: Classifieds : MyJU :
Stories: News
Browse News Stories: « Previous Story | Next Story »

Goya Is Essential Part of Okinawan Culture

By: KC

Date Posted: 2001-05-04

May 8 is known in Okinawa as a day honoring goya (go - five, ya – eight), a well-known and essential ingredient in Okinawan diet, especially during summer time. Goya is a vegetable that has been attributed with many advantages to human health. It has been a part of Okinawan culture for a long time.

The vegetable is called ‘goya’ in Okinawan dialect. In Japanese it is ‘nigauri.’ It’s English name is bittermelon, and that about sums up its taste. It is bitter to the extent that some people find it impossible to eat, and definitely can be called an acquired taste.

In a grocery store, goya’s look is conspicuous. It is green and warty, and a thought easily arises that this vegetable will not taste good. And maybe, at the first sight, and first taste you are right. However, if you just avoid giving it a chance, you will miss the great benefits of this wonderful vegetable.

Goya is one of the staples in Okinawan homes. Most people eat this vegetable as a stir-fried dish mixed with egg, tofu, other vegetables, slices of pork meat, and almost anything else. The dish is called ‘champuru.’ Okinawan people say that they cannot stop eating this vegetable just because of its bitter taste. Many businessmen can be seen eating the bitter vegetable with a cold mug of beer after work. It may take several times before one learns to like the taste, but it is unforgettable. Mixing it with eggs can soften some of the bitterness.

Many claim that goya’s bitterness stimulates stomach and increases appetite. It’s considered especially good during hot and humid Okinawan summers. It is also good against high blood pressure, and is said to guard the body against cancer and diabetes. Goya contains plenty of vitamin C, so it protects against common cold. Plenty of medical research is currently done about goya’s benefits.

Although goya is now grown and distributed throughout the year, the high season for it is summer, from May through September. Goya Day is the day to welcome its season.

People also find new uses for goya. In 1997, Yoshiyuki Takara, the director at the instrument department of Takara Record Store in Naha City, invented the goya maracas and started selling it. His new instrument is about 10 cm long, green and looks just like a goya with lots of warts.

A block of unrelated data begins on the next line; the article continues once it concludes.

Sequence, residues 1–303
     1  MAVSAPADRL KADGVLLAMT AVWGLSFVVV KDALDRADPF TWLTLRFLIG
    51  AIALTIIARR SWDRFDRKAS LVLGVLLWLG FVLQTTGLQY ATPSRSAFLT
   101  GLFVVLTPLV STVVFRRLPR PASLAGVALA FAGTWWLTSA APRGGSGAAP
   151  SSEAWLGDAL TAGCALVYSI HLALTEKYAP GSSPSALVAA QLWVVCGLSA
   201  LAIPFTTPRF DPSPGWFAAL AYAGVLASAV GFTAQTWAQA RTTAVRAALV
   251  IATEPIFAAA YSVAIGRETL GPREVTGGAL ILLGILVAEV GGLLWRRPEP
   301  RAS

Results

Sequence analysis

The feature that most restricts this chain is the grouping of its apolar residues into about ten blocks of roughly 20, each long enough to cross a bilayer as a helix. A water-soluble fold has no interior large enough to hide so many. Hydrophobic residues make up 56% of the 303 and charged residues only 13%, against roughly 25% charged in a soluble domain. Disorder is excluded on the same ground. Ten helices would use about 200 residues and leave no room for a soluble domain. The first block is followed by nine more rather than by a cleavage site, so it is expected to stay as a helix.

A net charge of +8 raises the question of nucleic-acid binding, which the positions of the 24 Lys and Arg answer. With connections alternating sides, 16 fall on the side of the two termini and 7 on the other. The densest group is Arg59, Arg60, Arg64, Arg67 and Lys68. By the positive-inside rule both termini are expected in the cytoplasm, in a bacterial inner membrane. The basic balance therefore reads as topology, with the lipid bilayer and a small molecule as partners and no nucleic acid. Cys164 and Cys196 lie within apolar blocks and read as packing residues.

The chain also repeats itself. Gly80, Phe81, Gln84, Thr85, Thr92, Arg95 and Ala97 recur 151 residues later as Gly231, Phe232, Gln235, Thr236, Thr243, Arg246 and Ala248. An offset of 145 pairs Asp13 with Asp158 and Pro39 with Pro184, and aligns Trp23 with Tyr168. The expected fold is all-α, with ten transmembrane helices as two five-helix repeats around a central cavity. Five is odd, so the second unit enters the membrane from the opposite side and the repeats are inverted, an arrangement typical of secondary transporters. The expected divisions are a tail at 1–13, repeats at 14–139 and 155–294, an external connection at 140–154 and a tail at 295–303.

The goya maracas became a hit especially among tourists visiting Okinawa. They found the goya maracas in the store, and noticed that besides looking cute its sound is interesting. A popular Okinawan Latin band, Diamantes is also using goya maracas. In the beginning, Takara sold his funny-looking instrument only in his own store, but he decided that selling it in other instrument stores and souvenir shops would make it more popular. Now the goya maracas are available at souvenir and instrument shops throughout Okinawa for a reasonable 380 yen.

There is a theme park dedicated for goya in Nago City that presents a “goya festival” from May 3 through 8. At the park visitors can walk through a goya field and processing facilities. Unique products made of Goya are for sale, including dried goya that can be cooked in champuru or eaten as chips, goya tea, and more.

‘Goyaman,’ a character that has recently gained notoriety through a NHK TV drama, Churasan, went on sale at end of April. In the drama, the character did not fare too well, but early indications are that in the real life it will become a hit.

Goya is a part of Okinawan life and culture, and anyone living here should give it a try, especially on May 8.

Browse News Stories: « Previous Story | Next Story »

weather currency health and beauty restaurants Yellowpages JU Blog

OkistyleOkistyleJU Facebook

Go to advertising PDF?||?|o?L?qAE?|?}?OA?N?ga`OkiStyle?A??q?qM?oeu^?I`??N?gX?<eth>?<ETH>?ni^?IWanted!!Golden Kings ScheduleOkiNightSeeker